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Lecture 19: Introduction to Color Science (30)
tigreezy

On the bottom left it seems like that person would perceive things to look more green while on the top right that person would perceive things to look more red. Is that actually what is the case or do these people perceive colors exactly the same?

psmanohar

These people perceive colors (more or less) exactly the same. By "perceive" I mean things that we can measure empirically, e.g. color matching experiments.

Also, while we typically label the L, M, and S cones with R, G, and B respectively, they don't really correspond to these colors.

knguyen0811

Are the empty spaces in the bottom-left and the grayscale dots in the middle-right supposed to represent no cones at all or non-functional ones, etc.?

iakopatran

Responding to the top comment, I think the confusion for me comes from these images depicting "normal" color vision but then saying how variability of different cone cell types can lead to false color image. To me I think normal color implies that their L, M, and S cones function properly according to the graph on slide 27. False color then is a result of the over activation of a certain cone (due to a higher concentration) leading to the perception of the false color. Just my guess though.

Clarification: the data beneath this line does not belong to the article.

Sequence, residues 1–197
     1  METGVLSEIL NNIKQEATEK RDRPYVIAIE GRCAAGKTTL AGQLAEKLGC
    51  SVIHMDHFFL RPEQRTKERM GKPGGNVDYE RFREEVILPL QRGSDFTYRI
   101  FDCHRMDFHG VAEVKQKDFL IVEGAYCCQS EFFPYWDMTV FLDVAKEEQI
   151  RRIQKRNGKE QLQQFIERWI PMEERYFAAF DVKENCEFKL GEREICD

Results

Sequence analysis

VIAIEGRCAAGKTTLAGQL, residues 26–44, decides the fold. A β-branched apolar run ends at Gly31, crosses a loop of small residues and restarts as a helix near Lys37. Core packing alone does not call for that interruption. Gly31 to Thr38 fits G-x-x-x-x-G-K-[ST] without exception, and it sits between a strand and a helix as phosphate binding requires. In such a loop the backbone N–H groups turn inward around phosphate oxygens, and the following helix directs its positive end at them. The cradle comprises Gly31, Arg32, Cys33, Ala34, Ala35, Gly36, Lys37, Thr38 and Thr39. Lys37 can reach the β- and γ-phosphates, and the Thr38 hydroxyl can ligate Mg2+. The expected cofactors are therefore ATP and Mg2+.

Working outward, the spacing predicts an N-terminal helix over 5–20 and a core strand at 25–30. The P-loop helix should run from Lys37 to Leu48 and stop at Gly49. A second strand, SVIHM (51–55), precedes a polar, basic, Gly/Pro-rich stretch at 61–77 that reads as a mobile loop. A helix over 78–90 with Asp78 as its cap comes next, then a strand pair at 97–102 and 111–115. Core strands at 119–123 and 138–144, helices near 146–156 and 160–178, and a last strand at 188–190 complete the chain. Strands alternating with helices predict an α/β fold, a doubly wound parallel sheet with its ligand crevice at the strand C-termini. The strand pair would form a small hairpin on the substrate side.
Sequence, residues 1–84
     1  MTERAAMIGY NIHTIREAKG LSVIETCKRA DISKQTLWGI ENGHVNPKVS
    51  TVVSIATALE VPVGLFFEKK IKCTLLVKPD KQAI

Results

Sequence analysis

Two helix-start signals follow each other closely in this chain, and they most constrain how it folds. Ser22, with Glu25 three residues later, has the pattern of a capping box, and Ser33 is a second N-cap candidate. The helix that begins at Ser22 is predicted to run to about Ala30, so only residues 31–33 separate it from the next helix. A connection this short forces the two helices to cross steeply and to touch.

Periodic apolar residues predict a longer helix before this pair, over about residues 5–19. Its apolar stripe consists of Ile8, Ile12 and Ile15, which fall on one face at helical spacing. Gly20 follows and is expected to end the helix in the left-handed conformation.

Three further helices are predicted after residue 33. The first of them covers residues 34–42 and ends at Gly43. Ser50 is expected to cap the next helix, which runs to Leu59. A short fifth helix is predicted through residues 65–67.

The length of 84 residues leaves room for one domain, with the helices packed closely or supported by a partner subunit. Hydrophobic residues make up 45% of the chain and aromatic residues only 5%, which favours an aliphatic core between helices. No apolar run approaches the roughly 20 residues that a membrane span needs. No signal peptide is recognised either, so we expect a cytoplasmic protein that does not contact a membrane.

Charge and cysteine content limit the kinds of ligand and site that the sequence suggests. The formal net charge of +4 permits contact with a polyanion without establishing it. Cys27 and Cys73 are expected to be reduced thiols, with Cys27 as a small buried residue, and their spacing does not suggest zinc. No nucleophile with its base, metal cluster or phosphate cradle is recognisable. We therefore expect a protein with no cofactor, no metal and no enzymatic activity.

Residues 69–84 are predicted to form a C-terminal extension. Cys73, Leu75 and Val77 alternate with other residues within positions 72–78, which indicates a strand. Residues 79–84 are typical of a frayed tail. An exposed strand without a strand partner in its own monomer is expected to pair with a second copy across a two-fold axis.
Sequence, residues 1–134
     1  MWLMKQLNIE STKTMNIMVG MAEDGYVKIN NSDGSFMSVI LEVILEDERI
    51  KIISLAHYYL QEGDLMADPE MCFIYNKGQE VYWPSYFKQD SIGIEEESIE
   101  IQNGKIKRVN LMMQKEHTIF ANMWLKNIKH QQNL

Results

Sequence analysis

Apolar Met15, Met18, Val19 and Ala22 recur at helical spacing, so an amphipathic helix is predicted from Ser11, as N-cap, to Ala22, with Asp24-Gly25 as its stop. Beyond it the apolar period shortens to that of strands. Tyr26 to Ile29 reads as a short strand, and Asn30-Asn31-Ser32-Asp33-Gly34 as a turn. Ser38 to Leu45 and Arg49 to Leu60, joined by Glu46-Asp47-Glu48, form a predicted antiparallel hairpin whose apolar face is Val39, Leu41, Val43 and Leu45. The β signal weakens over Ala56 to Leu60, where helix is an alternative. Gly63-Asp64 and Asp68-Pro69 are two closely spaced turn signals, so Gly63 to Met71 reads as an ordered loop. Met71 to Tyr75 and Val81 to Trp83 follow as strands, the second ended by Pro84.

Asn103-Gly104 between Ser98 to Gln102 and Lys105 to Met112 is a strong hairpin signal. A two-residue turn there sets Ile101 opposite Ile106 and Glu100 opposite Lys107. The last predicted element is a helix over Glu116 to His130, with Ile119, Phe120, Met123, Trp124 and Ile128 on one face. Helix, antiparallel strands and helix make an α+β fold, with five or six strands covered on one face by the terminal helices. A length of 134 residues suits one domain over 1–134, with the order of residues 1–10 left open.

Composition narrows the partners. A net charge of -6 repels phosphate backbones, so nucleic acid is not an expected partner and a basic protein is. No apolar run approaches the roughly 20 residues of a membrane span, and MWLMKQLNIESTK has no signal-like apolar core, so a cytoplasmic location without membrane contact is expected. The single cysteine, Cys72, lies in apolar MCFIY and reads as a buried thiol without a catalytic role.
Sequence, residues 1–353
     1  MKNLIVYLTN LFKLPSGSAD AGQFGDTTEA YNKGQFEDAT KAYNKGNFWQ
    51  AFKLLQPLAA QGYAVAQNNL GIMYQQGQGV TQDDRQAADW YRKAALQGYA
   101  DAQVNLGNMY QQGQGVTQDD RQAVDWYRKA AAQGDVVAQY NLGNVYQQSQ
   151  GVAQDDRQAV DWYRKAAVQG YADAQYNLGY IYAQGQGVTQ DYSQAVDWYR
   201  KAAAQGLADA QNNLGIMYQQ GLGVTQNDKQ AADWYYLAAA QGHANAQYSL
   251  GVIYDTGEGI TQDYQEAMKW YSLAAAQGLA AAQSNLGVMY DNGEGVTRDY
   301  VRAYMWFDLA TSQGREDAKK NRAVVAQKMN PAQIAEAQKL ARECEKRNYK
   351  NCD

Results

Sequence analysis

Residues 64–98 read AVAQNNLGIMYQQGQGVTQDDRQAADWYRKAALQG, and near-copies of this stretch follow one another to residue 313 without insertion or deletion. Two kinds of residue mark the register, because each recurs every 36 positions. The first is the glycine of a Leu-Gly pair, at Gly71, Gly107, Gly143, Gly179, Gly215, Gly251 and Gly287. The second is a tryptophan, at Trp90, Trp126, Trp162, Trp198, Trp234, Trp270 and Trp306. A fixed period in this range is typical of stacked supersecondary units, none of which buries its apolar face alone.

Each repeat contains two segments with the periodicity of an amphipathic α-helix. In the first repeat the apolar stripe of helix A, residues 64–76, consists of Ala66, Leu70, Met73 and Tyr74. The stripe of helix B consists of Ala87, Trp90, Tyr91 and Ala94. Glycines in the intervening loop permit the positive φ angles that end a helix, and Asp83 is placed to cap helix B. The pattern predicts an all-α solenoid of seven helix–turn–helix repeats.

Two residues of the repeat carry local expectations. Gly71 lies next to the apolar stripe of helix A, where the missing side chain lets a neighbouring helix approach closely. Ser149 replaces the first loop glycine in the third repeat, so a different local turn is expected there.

wangcynthia

Does color blindness relate to this somehow? Perhaps that people who have color blindness are deficient in a cone cell type?

jessicajyeh

Yes color blindness does relate to deficiencies in cone cells - according to this site, under the "causes" tab https://ghr.nlm.nih.gov/condition/color-vision-deficiency#genes , an absence in M or L cones affects red-green color vision, and impaired S cones alters perception of the color blue in particular (eg difficulty between shades of blue/green)

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